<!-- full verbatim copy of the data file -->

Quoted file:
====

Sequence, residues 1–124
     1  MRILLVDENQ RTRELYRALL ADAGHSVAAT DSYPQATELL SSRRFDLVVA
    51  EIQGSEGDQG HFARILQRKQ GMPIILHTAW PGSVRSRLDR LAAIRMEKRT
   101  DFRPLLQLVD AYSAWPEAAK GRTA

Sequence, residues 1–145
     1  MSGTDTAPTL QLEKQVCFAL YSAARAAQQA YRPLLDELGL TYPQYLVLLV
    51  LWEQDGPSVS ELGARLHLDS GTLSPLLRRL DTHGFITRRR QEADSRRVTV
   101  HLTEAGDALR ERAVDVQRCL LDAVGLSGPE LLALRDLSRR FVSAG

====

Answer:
Sequence, residues 1–124
     1  MRILLVDENQ RTRELYRALL ADAGHSVAAT DSYPQATELL SSRRFDLVVA
    51  EIQGSEGDQG HFARILQRKQ GMPIILHTAW PGSVRSRLDR LAAIRMEKRT
   101  DFRPLLQLVD AYSAWPEAAK GRTA

Sequence, residues 1–145
     1  MSGTDTAPTL QLEKQVCFAL YSAARAAQQA YRPLLDELGL TYPQYLVLLV
    51  LWEQDGPSVS ELGARLHLDS GTLSPLLRRL DTHGFITRRR QEADSRRVTV
   101  HLTEAGDALR ERAVDVQRCL LDAVGLSGPE LLALRDLSRR FVSAG